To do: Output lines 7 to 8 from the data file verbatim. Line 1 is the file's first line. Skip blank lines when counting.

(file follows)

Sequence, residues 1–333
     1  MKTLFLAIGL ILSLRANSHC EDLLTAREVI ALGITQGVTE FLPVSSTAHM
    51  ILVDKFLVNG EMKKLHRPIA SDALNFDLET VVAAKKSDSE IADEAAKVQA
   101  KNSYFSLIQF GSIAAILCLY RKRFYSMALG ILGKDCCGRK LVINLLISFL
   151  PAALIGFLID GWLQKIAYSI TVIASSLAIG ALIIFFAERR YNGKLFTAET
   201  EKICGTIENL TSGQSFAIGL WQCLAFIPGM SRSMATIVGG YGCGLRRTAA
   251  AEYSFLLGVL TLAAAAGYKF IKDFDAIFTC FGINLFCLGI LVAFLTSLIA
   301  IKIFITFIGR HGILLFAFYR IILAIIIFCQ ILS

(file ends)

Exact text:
   251  AEYSFLLGVL TLAAAAGYKF IKDFDAIFTC FGINLFCLGI LVAFLTSLIA
   301  IKIFITFIGR HGILLFAFYR IILAIIIFCQ ILS